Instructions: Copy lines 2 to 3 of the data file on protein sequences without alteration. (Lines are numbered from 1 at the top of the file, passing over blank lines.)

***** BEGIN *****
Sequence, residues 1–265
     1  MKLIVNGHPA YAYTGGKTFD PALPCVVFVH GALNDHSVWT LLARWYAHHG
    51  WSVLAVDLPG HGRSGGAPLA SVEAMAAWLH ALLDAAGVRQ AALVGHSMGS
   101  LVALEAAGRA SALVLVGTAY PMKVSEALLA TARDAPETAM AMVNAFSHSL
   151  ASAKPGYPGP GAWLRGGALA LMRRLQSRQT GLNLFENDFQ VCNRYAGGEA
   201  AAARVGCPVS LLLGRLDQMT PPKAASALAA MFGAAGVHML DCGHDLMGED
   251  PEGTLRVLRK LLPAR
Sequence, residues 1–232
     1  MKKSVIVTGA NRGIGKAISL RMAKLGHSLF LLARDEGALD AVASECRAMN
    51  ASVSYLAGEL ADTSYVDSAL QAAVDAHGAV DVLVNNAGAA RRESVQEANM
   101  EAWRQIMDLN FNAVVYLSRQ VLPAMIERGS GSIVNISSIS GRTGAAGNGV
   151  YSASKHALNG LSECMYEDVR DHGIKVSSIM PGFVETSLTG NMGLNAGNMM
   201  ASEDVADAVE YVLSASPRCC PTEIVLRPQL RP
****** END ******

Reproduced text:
     1  MKLIVNGHPA YAYTGGKTFD PALPCVVFVH GALNDHSVWT LLARWYAHHG
    51  WSVLAVDLPG HGRSGGAPLA SVEAMAAWLH ALLDAAGVRQ AALVGHSMGS